It was the best of times, and the worst of times.
Cameron Strang pulled me into his office and said, “Why not? Let’s do this thing!” The launch date was set for March 2003. He had the idea. We had the focus, drive and passion. Nothing was going to stop us. We were in our mid-twenties, we had no money, and we we’re determined to change the world.
We had everything going against us: new, small, independent, no money, high expectations and ideals. The niche was focused and narrow, the concept was fresh—innovative actually—but the format was old. Magazines had been around for dozens of years, and if we went off of what everyone told us, we were destined to fail.
I was hired to sell. The challenge was that I was tasked to sell a concept to a bunch of cynics. I didn’t have a sample, statistics, years of research or anything that would make selling easy. It was me, a brochure and our concept. It was go-time.
I called. And called. And called. And called. I hadn’t been trained in selling so it was all on-the-job training. My inexperience meant that I left some of the most awkward voicemails. In fact, on one call, I was concluding my voicemail while simultaneously thinking to myself that I had completely botched that message. Rather than saying “thank you” or “good-bye” I proceeded to say, “In Jesus name, Amen.” I kid you not. As expected, they didn’t return my call.
Cynics are hard to sell to. They don’t want to take your calls so I had to figure out ways to get them on the phone. I’d call early in the morning and late in the evening because I had learned that executives are more likely to answer the phone during those times—and it proved to be true. When I would get the opportunity to talk, I heard no, far more than yes. It wasn’t fun or easy and I had to learn to not take it personally.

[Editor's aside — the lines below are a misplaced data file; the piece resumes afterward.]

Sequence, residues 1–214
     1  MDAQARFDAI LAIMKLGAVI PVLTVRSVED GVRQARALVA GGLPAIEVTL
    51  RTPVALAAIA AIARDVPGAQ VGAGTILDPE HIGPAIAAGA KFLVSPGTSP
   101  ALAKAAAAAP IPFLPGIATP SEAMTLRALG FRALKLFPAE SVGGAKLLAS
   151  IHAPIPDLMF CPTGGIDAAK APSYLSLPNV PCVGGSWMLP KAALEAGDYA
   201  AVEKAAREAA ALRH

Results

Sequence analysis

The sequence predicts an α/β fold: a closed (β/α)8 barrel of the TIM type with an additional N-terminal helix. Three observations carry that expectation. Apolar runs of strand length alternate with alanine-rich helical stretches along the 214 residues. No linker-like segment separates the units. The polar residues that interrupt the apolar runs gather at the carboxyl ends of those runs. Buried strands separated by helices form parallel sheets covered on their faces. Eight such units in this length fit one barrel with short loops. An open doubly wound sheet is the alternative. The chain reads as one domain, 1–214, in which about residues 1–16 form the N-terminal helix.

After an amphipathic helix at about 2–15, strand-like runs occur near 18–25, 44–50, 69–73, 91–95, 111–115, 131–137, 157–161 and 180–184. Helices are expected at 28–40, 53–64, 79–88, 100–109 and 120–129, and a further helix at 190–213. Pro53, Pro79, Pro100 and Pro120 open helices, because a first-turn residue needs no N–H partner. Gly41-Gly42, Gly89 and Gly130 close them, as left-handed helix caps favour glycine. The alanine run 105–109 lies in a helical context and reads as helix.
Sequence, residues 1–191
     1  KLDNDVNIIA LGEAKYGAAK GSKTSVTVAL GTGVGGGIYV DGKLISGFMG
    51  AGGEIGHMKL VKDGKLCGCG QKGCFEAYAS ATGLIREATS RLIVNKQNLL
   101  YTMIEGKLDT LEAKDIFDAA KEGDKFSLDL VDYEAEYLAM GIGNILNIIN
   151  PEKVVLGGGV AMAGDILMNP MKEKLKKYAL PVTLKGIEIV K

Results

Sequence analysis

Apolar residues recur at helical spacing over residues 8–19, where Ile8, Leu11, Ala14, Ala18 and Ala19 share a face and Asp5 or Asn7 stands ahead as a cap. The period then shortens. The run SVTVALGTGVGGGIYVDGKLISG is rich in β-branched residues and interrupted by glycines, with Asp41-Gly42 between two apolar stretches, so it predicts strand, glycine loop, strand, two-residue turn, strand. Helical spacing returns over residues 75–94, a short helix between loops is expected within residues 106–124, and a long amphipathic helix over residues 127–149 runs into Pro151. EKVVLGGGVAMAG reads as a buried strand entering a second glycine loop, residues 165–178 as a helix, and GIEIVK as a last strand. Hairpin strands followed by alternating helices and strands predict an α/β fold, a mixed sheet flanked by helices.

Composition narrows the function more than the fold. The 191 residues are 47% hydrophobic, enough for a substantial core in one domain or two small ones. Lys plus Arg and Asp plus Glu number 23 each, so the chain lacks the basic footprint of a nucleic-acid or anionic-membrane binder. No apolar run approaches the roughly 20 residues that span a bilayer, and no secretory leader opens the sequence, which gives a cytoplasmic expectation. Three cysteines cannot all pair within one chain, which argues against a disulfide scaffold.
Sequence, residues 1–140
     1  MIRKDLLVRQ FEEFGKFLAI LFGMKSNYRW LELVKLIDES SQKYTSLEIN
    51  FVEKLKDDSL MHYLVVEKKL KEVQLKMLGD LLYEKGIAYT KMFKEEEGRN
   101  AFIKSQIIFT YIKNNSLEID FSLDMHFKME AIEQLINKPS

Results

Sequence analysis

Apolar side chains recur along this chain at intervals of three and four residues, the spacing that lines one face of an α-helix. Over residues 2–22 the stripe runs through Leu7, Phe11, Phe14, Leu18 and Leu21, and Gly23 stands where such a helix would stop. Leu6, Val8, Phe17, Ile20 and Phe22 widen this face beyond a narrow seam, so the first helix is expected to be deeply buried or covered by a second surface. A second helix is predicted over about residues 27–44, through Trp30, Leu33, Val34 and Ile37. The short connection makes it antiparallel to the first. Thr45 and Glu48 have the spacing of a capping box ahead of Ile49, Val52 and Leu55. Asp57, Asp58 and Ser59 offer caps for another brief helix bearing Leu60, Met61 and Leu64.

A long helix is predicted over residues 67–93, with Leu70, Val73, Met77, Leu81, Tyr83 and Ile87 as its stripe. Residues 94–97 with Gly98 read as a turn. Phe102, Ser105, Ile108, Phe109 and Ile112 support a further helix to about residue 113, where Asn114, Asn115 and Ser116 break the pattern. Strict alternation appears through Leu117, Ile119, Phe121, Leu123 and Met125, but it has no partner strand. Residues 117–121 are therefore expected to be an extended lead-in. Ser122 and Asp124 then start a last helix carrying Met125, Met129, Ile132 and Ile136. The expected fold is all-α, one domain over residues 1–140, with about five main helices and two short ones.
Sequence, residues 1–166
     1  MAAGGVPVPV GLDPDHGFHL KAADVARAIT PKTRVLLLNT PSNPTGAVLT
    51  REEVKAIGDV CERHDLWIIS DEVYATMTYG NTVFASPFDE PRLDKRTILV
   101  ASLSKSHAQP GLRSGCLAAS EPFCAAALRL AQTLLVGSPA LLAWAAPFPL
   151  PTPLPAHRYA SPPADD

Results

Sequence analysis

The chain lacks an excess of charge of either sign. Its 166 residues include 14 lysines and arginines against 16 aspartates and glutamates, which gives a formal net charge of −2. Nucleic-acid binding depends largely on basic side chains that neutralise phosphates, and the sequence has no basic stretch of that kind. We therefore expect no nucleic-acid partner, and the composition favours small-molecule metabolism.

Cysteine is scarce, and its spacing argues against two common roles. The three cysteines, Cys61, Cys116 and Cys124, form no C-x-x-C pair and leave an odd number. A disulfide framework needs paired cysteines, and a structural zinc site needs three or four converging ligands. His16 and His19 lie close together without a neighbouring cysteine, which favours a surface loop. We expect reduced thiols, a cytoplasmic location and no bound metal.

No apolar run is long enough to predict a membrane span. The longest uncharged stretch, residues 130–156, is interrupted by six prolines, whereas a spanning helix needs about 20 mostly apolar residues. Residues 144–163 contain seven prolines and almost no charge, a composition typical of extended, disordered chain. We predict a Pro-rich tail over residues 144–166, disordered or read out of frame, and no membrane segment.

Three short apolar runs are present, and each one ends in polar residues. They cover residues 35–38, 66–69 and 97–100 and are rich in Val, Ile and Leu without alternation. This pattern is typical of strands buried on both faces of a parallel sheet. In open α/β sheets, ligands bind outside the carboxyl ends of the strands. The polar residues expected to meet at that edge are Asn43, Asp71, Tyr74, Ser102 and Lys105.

It took me three months to sell 22 ads for the first issue of RELEVANT magazine. Over the next two years, I refined my approach and style and eventually I learned how to sell an entire issue in about 1-2 weeks.
The lessons learned during this time of my career were vast. However, the biggest lesson was this:
Always make them tell you no—twice!
We are created to say no. We’ve been doing it since we learned to talk and we haven’t stopped. Yet, the difference between those who try and those who are determined is in the innate drive to not give up at the first sign of resistance: push harder, press for understanding, try another angle and always have a back-up strategy.
By the time I left RELEVANT to launch my consulting company, my team and I had grown sales revenue 900+ percent and almost doubled the number of pages sold.
Next time you’re get a no, I dare you to ask again.